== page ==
P.S. when I originally watched the show, I was all about Angel. So much so, that my first trip to London sans parents was to meet David Boreanaz in person at a Forbidden Planet signing. It was awful because I was dreadfully shy and naturally had a quiet voice. Couple that with my British accent and the poor guy had no idea what I said to him. I wanted to be sucked down into the Hellmouth. Anyway, last time I watched Buffy, I realised I now prefer Giles. At least he would understand my accent, and being quiet is (silently) applauded in a library, my hang-out place of choice (because sadly, The Bronze isn’t real).
If you liked Buffy watch Hex. It was never as clever as Buffy but it’s still fun.
I consider myself to be a laid-back person. Easy going. Calm. But lately, I’ve been questioning whether this is my real identity or just a fabricated fantasy that I desperately want for myself in the vain hope that it will become reality. Then again, most people I know have suffered with anxiety at some point in their lives. It is absolutely nothing to feel ashamed about.
I remember feeling anxious as a child. I moved schools several times and loathed being the new kid because it meant that all eyes were on me when I just wanted to blend into the shadows. I always felt different to other people, and I can see now that that was part of the reason I was drawn to supernatural literature and films where the heroes and heroines embraced their weirdness and had cool powers to boot.
I wrote a post a while back about being an HSP or Highly Sensitive Person and the huge relief I felt when I realised that I wasn’t abnormal. I wish I’d known that as a child. I discovered that my desperate need for security stems from a deep insecurity I had in my younger years.
In school, there was a recurring theme of me starting off every new school as the exciting new girl who all the other girls wanted to be friends with. This would soon descend into cattiness and outright physical bullying. I hated school and found escape in books, movies, and writing. I preferred my own company to other people’s because it was the only time I could truly relax and be myself without fear of judgment.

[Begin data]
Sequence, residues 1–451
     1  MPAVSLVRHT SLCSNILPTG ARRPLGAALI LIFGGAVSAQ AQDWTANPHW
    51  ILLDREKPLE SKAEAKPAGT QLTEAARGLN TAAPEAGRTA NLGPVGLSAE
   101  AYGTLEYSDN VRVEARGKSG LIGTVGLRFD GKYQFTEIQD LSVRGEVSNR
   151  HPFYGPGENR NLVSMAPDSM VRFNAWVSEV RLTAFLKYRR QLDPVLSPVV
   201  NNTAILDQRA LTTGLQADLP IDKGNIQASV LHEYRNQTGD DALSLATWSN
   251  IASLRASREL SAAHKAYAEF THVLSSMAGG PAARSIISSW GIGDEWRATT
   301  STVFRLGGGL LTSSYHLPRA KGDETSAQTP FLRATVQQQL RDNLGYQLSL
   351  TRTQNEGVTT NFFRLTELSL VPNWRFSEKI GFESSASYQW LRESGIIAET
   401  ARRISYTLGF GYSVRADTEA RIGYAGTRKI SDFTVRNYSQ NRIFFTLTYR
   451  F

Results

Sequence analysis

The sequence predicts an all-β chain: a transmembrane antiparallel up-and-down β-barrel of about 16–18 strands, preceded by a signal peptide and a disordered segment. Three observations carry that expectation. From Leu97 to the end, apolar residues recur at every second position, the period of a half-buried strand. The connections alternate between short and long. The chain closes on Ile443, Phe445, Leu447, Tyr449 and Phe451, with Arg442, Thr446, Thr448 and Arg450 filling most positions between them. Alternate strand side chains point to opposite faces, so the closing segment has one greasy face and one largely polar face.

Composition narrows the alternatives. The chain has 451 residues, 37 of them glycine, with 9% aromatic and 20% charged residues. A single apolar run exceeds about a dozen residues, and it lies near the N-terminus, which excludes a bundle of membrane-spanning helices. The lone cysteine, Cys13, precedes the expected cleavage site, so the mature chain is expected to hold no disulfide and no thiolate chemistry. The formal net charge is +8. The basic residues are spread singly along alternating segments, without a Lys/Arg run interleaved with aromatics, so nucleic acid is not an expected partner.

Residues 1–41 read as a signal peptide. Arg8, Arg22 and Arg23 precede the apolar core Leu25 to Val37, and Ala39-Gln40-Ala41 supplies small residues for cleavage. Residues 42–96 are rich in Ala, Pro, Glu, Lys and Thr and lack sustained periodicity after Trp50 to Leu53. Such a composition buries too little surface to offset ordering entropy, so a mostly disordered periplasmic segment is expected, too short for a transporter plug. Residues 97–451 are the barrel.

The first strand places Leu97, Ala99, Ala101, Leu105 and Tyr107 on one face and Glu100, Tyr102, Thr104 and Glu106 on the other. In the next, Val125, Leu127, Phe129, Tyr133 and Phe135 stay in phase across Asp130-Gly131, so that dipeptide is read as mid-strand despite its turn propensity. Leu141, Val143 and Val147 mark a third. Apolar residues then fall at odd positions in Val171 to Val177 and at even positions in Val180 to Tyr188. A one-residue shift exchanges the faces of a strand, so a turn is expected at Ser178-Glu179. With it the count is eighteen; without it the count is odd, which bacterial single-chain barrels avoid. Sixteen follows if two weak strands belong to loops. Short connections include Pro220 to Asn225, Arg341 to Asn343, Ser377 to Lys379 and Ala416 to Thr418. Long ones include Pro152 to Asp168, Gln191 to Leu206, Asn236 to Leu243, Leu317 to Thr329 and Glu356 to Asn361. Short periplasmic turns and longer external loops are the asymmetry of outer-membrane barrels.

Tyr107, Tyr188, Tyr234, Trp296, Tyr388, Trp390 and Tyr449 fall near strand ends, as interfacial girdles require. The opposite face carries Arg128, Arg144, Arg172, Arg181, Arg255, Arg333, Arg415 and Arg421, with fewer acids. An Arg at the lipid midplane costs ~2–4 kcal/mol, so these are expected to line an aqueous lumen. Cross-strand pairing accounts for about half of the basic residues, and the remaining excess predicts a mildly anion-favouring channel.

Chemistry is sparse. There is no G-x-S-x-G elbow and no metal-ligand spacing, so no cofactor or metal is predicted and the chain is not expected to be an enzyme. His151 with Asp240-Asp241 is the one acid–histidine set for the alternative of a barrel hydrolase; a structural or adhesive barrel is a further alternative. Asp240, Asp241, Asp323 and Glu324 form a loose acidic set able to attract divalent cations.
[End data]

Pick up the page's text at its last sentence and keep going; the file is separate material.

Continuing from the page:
As an adult, I have frequently dug deep into what makes me the person I am today, and why I occasionally suffer from bouts of anxiety. These bouts have ranged from full on panic attacks and episodes of sleep paralysis to just a mild feeling of being unsettled and not knowing why. In what is often referred to as shadow work, we need to confront our inner demons face on and get to the root of what we’re grappling with. I believe it’s an ongoing process, and the work is never ‘done’ because our lives are not linear; there are potential changes and upheavals around every corner. That’s life. My magical friend Veronica Varlow uses the analogy of choosing whether you want your life to be safe but dull like the monorail at DisneyWorld, or an exciting roller coaster like Space Mountain. Or as Homer Simpson says to Marge, “I can’t live the button-down life like you. I want it all: the terrifying lows, the dizzying highs, the creamy middles.”
Anxiety can be that annoying person who outstays their welcome or it can creep up on you and shout “boo!” in your ear when you least expect it. I recognise certain triggers that set off my anxiety, but likewise, sometimes I have the physical symptoms of stress and I’m perplexed as to why.
A big thing for me at the moment is feeling comfortable in my writing. I’m writing a novel and it’s only in the first draft stage, i.e. the stage where writing is supposed to be freeing and perfection can go out the window. As Ernest Hemingway so eloquently put it, “The first draft of anything is always shit.” But I come to my work every day with a crippling fear that it’s far too terrible to ever be shared with anyone. I know this is my inner critic pulling a fast one on me, but it still gets me. I have to try and acknowledge the negative thoughts and change them into something positive.
I was even anxious about publishing this post. I actually wrote it early last week but kept putting off clicking the publish button because I worried that I was making a serious subject come off as frivolous. If it comes across that way at all then it’s not my intention.
I’m also aware of how food can bring on anxiety, especially if I drink too much coffee (I try to limit my intake to two cups a day) or consume too much sugar. Hormones can also obviously play havoc with your emotions, and I’ve found that tracking my cycle is really helpful to highlight patterns. I use the app Hormonology as a cycle tracker, but I’m not completely convinced that an app has all the answers so I also make a note of my moods and energy levels every day. For more information on cycles, I highly recommend Lisa Lister‘s books Code Red and Love Your Lady Landscape.
So how do I cope with anxiety? There isn’t a magical solution (believe me, I’ve looked), but I have little habits which I believe help me. The following suggestions are tips which help ease my anxiety and in no way am I advocating doing these instead of seeking help or seeing a GP. Also, these are just my go-to solutions for mild anxiety. In the past, when I’ve experienced more serious symptoms such as panic attacks, then there has often been a root problem which needed identifying and solving.